Although the date of construction is unknown, the possibly early 20th Century structure is yet another fine example of Georgian Architecture in Black River. It now houses the court and parish council offices but was the town hall prior to that.  Seems like its boundary walls underwent a recent 'paint-over'

Although the date of construction is unknown, the possibly early 20th Century structure is yet another fine example of Georgian Architecture in Black River. It now houses the court and parish council offices but was the town hall prior to that. Seems like its boundary walls underwent a recent ‘paint-over’

I was pretty much done with my adventure as it was getting dark and it didn’t seem wise to be walking around with a fancy looking camera unaccompanied. I  looked across the road and knew I had to get that last shot.  I stood there for quite sometime trying to find the right setting until I heard someone saying ‘move’. I thought I was in trouble and chided myself for not wearing my glasses. I had no idea there was someone on the verandah of that lovely house I’d been ‘stalking’. Eventually I understood what was happening. She was saying that she ought to move so that she wouldn’t spoil my shot.

I thought it only fitting to walk over to her and thank her for being so kind about my intrusion. She proudly told me that the house was over one hundred years old and had been in her family for years. She would have invited me in but she was on her way to run an errand and told me to come back another day s I could have a look inside. *Sigh* I suppose that will be done on my return trip! 🙂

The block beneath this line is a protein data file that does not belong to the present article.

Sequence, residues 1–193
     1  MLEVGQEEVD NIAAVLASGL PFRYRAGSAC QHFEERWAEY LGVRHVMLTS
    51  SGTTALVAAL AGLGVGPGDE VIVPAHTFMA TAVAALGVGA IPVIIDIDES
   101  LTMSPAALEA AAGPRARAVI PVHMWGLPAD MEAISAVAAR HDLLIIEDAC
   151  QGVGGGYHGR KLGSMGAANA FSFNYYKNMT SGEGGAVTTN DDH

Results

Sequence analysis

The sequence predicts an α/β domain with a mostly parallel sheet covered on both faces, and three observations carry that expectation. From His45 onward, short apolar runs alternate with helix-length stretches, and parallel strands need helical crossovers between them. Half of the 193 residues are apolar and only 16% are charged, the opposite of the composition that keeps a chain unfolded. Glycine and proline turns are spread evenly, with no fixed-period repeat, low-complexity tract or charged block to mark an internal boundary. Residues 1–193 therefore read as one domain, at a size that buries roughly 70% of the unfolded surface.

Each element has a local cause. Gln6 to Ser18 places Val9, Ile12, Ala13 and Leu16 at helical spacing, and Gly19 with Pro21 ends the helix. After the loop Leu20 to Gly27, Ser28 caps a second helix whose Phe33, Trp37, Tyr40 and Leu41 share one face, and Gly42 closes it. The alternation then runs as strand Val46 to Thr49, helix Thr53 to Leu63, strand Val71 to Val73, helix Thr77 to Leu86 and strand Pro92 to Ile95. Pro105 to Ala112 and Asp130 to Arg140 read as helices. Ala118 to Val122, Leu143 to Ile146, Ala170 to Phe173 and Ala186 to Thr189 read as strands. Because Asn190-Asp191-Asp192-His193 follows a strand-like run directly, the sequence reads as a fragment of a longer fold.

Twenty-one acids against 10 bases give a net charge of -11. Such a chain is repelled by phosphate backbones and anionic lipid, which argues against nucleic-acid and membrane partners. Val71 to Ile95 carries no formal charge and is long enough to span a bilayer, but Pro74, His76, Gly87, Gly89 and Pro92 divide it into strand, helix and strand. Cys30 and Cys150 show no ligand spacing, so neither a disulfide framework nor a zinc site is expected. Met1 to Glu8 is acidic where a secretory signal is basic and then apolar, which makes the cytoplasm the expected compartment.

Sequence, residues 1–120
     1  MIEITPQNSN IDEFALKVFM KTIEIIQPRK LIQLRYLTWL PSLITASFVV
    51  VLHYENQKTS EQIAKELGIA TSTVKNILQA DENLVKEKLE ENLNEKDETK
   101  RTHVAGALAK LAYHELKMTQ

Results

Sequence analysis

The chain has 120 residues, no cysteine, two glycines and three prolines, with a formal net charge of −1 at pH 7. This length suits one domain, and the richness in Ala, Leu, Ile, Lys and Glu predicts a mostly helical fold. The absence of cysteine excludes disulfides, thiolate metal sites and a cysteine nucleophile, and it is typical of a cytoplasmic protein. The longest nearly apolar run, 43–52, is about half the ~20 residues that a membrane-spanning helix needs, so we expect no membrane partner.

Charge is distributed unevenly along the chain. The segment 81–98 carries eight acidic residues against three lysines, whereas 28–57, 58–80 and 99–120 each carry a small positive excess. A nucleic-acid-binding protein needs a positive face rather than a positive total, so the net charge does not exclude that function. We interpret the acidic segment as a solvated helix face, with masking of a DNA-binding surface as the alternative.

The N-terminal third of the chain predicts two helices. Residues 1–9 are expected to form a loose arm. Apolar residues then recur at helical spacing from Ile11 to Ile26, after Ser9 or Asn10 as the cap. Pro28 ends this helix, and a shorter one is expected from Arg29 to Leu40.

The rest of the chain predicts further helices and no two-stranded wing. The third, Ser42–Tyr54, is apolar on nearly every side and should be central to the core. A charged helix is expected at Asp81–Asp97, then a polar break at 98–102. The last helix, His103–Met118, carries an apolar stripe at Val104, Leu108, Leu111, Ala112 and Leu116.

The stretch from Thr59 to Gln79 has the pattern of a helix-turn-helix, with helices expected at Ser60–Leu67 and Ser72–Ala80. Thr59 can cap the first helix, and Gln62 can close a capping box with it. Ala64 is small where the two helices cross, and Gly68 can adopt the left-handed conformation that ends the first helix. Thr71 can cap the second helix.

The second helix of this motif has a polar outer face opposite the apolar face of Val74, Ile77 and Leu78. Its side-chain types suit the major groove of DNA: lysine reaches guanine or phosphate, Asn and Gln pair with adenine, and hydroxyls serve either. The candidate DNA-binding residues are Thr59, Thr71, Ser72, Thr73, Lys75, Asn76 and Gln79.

And as it does every day, the sun set .. despite the fact that I really wanted to continue into the town …. I suppose … that will be left for another visit! *Wink* IMG_5848

More info can also be found on the Jamaica National Heritage Trust’s website

12 thoughts on “Black River: A Mini Walking Tour

    • Indeed! The sides didn’t look too great though but they made quite an effort to keep the front looking as good as they could.
      HA HA I laughed out when I read that bit about the sunsets… I have a thing for em! Do recall you chasing one for me 🙂

  1. Do you know, I have lived in Jamaica for so many years but only ever once passed through Black River! Is that the town of your birth? St. Elizabeth has a special quality and your photographs are just beautiful! I LOVE the old houses and do hope they will be preserved – unlike Falmouth, where they have allowed so many amazing historic buildings to fall into ruin. Then when the cruise ship pier was built they actually built some completely fake “old colonial” buildings! (I am a lapsed member of the Georgian Society, myself…) Thanks for this lovely post.

Would love to know what you think! .....

Fill in your details below or click an icon to log in: Logo

You are commenting using your account. Log Out /  Change )

Twitter picture

You are commenting using your Twitter account. Log Out /  Change )

Facebook photo

You are commenting using your Facebook account. Log Out /  Change )

Connecting to %s